Villas community discovers
it's not restricted to 55-plus
Article Courtesy of the Sun Sentinel
|By Michelle Sheldone
Posted October 24, 2003
Until a few months ago, residents of one of four neighborhoods in Delray Villas were under the impression they were living in an adults-only community. But the homeowners association board was surprised when they double-checked their bylaws and learned otherwise.
"Our bylaws are original, and they state that residents must be 16 years or older," said Larry Denbo, vice president of the Delray Villas Plat IV-V Homeowners Association. "With the advent of different laws that have gone into effect over the years, you can't say you're 55-plus unless you have gone through a specific [process] that we haven't."
Some 20,000 communities in the state qualify as 55-plus, but only 2,800 have registered as such with the Florida Commission on Human Relations, said Nichole Ray, an investigator with the agency.
"The only time we step in and investigate a community in violation is if someone files a familial status discrimination statute," Ray said. "But Florida's law is like a law without teeth. It says failure to comply shall not disqualify a facility or community that otherwise qualifies."
About 90 percent of residents in the section of Delray Villas at issue are 55 and older, Denbo estimated. But some residents in the development, west of Delray Beach, have died or are moving into assisted living arrangements, and young families are expressing interest in the community, he said.
In late September, the homeowners association distributed fliers to its 491 households clarifying that the community is not 55-plus and asking whether or not residents would prefer that designation.
By mid-October, association president Herb Basson, 62, had received about 300 responses, most favoring legally changing the community to age 55 and older, he said.
Basson plans to announce the results of the poll at a homeowners association meeting Tuesday. He will be required to read a bylaws amendment at two ensuing gatherings and at a ballot meeting planned for early 2004, he said.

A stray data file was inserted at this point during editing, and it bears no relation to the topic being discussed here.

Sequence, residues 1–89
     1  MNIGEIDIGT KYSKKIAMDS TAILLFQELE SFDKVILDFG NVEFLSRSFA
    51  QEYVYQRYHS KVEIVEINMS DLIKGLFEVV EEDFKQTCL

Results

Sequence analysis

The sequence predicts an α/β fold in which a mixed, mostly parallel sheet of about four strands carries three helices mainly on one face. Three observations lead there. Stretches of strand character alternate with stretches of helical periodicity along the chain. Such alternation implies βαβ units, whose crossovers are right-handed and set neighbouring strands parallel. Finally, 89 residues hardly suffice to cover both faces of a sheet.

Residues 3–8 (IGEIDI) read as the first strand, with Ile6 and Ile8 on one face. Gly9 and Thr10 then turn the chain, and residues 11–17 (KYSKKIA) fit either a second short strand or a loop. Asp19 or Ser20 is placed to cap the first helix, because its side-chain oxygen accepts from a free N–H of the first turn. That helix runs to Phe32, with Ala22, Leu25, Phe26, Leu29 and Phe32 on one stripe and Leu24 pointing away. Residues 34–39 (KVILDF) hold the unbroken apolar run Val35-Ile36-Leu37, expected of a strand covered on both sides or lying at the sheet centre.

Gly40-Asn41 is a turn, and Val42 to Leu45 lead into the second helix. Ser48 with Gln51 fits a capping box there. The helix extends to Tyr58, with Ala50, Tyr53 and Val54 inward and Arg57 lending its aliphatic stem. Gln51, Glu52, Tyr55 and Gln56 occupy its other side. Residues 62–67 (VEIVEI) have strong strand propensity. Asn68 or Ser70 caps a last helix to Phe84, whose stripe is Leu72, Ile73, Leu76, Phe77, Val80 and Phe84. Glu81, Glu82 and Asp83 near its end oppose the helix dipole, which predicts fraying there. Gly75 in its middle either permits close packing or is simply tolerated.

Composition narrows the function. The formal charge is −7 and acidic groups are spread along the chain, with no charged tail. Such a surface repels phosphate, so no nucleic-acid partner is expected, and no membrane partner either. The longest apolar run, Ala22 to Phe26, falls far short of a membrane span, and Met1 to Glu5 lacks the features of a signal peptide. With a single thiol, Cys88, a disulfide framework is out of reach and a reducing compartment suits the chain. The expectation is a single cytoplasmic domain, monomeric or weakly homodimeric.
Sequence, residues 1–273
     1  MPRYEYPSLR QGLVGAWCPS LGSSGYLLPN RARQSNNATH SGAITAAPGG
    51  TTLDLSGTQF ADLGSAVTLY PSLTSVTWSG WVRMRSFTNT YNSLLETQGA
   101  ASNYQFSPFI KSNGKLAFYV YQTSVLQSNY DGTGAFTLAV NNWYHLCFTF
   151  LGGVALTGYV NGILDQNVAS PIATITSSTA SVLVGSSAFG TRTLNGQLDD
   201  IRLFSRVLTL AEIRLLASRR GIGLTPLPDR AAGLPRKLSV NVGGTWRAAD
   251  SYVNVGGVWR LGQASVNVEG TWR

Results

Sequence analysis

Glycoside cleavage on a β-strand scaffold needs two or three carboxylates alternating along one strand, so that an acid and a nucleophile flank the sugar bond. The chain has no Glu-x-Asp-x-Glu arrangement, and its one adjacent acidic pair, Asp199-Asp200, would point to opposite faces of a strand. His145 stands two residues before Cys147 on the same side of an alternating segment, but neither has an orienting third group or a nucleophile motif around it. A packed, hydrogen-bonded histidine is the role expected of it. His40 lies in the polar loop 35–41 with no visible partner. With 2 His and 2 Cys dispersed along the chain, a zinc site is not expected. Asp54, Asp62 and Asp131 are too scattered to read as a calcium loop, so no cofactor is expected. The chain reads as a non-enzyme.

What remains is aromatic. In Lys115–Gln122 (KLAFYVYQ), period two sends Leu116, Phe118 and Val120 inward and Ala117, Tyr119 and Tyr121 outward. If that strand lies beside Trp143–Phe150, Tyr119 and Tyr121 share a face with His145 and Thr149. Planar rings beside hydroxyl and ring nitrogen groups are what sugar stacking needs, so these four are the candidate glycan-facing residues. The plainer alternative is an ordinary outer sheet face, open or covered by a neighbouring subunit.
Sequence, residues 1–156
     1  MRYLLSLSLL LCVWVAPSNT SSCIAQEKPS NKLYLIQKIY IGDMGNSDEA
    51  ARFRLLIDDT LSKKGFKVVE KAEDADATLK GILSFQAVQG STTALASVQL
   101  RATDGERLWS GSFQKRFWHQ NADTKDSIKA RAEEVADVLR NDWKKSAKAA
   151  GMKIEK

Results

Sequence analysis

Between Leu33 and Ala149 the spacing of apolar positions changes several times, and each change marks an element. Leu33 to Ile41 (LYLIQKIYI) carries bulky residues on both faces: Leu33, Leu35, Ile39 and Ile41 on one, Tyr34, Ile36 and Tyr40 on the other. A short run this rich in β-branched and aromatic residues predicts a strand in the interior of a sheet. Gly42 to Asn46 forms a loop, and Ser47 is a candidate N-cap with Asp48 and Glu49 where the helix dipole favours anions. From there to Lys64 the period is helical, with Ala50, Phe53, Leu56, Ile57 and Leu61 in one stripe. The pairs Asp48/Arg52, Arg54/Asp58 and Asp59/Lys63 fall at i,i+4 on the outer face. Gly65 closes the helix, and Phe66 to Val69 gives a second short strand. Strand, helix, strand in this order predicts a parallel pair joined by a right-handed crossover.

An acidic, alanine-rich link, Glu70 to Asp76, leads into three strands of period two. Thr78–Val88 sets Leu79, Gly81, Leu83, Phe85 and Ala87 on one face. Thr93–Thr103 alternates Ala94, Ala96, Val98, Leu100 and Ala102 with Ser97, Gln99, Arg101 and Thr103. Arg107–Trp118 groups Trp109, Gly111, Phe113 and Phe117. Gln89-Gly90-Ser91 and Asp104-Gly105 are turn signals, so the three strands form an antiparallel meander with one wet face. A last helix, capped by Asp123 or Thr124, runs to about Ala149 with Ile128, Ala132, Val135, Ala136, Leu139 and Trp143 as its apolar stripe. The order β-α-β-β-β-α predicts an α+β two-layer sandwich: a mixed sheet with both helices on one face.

Delray Villas Plats 1 and III already have registered as 55-plus, according to the state registry.
The fact that the other section's homeowners were unaware of association bylaws is not unusual.
"Most people do not read their bylaws," said real estate agent Janice Leis of Coldwell Banker Real Estate and Mortgage Services in Boca Raton.
Delray Villas was constructed in phases in the early 1980s, before a 1988 Fair Housing Act amendment prohibited discrimination on the basis of familial status, or families with children younger than 18. The amendment made the 16-year-old age minimum in that section of Delray Villas unenforceable.
Seven years later, Congress passed the Housing for Older Person Exemption in 1995 that protects senior housing from age bias claims. The rule requires at least one resident living in at least 80 percent of the units to be 55 or older. Developments seeking the designation have to supply surveys and affidavits and register with the government.
Denbo, 65, purchased his Delray Villas home in 2000. He read the homeowners association documents and took note of the 16-year age minimum. Looking around the development, he didn't see children or facilities for them.
"Not knowing the laws that exist today, I made the assumption Delray Villas was a 55-plus community," he said.
Keeping up with changing laws is important, said Carrie Trust, a Realtor with Re/Max Director of Boynton Beach.
"A lot of times, after a builder leaves, the board gets together and makes amendments to [the association bylaws]," Trust said. "But when you have developments built in different stages and laws change, things can slip through."
The average residence in that part of Delray Villas is a two-bedroom, two-bath single-family home priced at about $150,000 to $165,000, according to Denbo.
"It's a great starter home, as well as a retiree's paradise," he said. "I love children. I've had two of my own, and I have five grandchildren. But when you get to be a certain age, you want to be in a community where people around you are the same age you are."
The costs associated with amending the bylaws may total about $1,200, Basson said, with money drawn from homeowner maintenance fees. Delray Villas residents younger than 55 at the time of the change would be grandfathered into the community.
To view a list of communities registered as 55-plus, visit http://fchr.state.fl.us/ and click on 55-plus housing. Scroll down and click on registered 55-plus community list by county.